Jonathan Shaw's Scab Vendor: Confessions of a Tattoo Artist is a surreal, multigenerational roller-coaster ride through the underbelly of modern culture, charting the course of a life measured by extremes and all the people, places, and events that shaped that life into a survivor's tale of epic proportions. In it, Shaw takes the listener deep, not only into the recesses of his extraordinary mind and adventures but also into the strange and magical process of memoir-writing itself.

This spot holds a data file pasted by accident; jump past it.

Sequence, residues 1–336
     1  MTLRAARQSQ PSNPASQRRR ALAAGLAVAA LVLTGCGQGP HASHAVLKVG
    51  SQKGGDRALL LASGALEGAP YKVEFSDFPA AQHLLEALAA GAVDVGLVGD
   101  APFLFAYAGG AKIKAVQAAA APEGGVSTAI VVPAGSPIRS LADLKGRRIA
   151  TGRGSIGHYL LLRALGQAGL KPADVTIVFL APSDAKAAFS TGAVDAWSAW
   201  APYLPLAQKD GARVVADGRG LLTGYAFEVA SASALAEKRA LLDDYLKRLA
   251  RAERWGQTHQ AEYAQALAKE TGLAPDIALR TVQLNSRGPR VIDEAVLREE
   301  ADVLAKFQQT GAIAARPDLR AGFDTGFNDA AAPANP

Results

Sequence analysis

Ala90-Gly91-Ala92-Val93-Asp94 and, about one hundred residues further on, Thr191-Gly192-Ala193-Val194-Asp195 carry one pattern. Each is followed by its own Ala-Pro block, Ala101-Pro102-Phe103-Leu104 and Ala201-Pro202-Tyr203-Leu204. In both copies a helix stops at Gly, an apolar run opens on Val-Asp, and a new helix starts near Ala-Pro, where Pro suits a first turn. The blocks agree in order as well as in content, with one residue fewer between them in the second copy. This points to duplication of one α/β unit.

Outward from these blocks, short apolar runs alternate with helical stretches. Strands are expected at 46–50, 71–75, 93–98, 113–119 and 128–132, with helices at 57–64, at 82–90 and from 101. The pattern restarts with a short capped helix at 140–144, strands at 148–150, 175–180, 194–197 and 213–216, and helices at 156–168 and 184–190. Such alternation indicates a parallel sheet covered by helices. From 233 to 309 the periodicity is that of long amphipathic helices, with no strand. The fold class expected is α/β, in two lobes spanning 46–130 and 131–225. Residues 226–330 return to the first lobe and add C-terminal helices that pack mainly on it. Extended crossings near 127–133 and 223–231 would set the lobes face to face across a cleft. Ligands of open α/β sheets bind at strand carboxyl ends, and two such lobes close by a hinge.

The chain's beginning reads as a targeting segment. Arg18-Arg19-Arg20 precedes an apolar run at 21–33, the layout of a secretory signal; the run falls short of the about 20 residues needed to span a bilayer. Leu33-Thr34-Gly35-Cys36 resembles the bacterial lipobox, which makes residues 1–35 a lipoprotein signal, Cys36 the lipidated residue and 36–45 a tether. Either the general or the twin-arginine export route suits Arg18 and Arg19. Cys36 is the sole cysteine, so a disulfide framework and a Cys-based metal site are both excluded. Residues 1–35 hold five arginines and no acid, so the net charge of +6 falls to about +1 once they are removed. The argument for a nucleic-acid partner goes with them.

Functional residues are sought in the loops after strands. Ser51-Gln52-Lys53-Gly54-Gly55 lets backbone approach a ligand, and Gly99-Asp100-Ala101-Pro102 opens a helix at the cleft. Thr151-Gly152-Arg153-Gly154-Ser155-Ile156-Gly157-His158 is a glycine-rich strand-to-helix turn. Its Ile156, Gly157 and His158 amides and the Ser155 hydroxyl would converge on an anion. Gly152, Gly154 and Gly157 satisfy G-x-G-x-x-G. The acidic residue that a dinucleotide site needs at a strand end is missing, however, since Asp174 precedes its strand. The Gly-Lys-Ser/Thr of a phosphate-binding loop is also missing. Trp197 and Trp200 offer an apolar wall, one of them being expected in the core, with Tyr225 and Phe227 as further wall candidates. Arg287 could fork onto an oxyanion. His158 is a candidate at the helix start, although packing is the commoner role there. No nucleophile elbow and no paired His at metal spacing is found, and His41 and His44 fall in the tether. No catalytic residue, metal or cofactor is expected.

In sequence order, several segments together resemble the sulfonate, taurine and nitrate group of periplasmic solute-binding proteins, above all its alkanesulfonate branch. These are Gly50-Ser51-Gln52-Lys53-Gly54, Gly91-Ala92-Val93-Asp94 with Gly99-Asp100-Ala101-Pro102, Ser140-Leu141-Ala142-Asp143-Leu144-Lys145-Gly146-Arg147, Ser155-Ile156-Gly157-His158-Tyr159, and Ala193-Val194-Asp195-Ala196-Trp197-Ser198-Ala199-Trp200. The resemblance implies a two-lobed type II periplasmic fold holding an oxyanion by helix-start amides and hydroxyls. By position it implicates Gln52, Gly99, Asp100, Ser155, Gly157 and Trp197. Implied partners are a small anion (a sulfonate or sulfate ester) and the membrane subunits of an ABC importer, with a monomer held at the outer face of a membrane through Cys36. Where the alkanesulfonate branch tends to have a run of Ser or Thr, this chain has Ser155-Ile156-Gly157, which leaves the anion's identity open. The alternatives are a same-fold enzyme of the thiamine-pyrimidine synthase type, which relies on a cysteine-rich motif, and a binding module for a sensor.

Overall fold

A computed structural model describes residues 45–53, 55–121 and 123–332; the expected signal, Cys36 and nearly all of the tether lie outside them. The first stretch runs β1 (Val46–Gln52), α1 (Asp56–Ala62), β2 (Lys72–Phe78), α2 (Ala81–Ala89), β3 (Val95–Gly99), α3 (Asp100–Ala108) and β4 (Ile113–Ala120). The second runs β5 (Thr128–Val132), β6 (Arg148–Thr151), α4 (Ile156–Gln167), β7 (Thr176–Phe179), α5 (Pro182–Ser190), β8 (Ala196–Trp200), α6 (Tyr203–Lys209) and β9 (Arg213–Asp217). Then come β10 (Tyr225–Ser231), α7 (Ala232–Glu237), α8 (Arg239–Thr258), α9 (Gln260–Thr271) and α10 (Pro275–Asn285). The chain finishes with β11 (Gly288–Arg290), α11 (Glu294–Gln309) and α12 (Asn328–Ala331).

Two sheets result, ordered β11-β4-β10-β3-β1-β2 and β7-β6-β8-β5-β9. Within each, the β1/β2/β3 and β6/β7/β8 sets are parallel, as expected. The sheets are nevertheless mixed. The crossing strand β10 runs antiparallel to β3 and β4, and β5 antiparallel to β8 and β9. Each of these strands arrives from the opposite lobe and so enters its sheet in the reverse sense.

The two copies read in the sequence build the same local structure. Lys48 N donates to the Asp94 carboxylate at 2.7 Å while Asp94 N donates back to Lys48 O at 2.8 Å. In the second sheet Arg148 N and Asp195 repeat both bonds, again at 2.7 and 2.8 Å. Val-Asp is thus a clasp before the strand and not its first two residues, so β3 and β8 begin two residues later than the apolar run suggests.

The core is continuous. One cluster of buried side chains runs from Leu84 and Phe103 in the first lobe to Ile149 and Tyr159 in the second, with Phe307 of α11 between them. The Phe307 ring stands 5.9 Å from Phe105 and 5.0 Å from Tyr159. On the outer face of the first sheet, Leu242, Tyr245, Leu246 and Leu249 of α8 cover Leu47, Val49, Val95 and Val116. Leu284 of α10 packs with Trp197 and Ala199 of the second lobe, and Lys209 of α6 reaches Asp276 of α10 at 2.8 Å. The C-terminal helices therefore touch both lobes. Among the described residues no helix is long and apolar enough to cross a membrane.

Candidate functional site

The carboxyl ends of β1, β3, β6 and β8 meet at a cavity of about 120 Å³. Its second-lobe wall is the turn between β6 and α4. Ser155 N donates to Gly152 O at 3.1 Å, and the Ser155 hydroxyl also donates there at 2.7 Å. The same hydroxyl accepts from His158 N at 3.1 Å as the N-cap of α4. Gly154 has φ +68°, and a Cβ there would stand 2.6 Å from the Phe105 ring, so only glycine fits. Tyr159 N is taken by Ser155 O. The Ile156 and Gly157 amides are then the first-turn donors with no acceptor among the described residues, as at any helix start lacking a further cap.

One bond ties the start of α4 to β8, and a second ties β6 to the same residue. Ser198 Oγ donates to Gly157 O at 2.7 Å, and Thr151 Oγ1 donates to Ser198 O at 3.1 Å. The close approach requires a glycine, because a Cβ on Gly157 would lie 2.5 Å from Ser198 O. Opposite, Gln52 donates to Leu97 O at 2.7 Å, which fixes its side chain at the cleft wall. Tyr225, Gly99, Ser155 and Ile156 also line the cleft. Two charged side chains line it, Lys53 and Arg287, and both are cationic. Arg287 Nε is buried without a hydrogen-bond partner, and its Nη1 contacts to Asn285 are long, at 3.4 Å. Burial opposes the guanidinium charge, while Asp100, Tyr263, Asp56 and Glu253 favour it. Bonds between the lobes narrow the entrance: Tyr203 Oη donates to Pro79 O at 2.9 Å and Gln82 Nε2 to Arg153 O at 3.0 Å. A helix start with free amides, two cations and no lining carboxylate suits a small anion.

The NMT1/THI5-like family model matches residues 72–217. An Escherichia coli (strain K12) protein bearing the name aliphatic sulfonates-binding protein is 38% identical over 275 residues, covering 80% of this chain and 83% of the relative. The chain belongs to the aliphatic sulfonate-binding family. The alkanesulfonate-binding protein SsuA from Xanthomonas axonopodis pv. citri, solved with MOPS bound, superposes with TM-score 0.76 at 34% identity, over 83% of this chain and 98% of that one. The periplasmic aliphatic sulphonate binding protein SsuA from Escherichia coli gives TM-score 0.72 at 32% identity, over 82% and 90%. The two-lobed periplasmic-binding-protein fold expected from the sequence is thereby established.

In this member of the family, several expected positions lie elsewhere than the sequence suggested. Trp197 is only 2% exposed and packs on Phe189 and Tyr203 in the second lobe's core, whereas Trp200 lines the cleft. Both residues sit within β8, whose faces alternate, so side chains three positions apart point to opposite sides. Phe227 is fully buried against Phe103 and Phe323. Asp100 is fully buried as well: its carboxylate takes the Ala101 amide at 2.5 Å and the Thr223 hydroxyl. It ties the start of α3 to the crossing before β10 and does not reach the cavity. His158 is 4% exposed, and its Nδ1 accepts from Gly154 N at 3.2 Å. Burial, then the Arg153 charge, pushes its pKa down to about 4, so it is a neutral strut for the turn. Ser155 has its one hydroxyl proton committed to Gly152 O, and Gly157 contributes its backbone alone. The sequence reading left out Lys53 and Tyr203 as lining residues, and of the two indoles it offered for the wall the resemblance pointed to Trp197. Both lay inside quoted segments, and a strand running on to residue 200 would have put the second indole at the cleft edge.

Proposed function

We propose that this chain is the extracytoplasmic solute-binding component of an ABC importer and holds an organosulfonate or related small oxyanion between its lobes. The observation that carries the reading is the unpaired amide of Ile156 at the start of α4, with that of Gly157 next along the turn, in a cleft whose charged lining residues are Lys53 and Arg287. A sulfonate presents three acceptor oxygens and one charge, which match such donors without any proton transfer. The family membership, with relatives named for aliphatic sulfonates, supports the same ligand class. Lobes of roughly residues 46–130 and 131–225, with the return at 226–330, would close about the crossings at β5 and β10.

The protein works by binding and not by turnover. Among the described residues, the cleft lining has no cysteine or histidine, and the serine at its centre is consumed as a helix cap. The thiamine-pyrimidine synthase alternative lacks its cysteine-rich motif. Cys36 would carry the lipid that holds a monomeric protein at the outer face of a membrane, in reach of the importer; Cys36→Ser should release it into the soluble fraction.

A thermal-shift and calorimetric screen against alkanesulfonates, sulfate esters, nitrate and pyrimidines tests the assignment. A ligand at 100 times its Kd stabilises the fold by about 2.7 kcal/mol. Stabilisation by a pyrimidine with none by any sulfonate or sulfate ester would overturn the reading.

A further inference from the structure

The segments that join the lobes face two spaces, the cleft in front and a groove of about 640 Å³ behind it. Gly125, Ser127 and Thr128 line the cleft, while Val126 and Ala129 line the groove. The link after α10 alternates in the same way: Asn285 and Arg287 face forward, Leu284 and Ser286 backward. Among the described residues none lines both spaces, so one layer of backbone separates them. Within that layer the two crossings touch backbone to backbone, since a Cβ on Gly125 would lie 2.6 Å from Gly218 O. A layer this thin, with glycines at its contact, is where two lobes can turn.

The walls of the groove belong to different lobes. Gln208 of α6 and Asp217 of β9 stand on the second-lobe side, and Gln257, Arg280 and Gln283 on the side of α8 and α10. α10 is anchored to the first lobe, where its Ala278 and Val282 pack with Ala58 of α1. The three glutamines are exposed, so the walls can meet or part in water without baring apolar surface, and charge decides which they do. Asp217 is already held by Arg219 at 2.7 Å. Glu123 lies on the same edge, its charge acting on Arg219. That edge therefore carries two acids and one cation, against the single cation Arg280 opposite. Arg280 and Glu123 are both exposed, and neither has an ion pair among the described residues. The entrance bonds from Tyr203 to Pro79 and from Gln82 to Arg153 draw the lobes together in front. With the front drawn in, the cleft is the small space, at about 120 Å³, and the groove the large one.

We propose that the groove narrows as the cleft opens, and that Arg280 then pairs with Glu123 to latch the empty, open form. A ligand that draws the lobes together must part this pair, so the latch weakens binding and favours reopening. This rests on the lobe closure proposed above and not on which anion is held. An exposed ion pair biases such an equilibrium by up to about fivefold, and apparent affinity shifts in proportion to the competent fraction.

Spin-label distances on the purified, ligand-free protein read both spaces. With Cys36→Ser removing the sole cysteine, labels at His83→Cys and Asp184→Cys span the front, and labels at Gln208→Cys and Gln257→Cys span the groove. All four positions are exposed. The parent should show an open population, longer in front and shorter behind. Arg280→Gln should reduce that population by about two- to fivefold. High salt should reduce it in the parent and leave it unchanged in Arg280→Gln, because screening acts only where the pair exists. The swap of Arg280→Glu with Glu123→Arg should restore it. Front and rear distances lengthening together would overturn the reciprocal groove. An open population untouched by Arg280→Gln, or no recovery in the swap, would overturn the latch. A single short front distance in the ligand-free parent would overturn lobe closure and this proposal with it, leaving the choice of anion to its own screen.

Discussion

If truth is indeed stranger than fiction, then, as Shaw's friend and literary mentor Charles Bukowski once told him, much of this book would have to be lived before it could be written. In that sense, Scab Vendor: Confessions of a Tattoo Artist is much more than a fascinating chronicle of a popular outlaw artist's creative evolution. It is a multicolored, cinematic, modern-day Odyssey, written in blood, ink, and tears - a kaleidoscopic, visionary road map to the journey of the human soul.
I appreciate creative verbiage but this book was obviously written under the influence of some serious drugs. That makes it hard to follow. However, someone else might find this book entertaining. It wasn’t for me.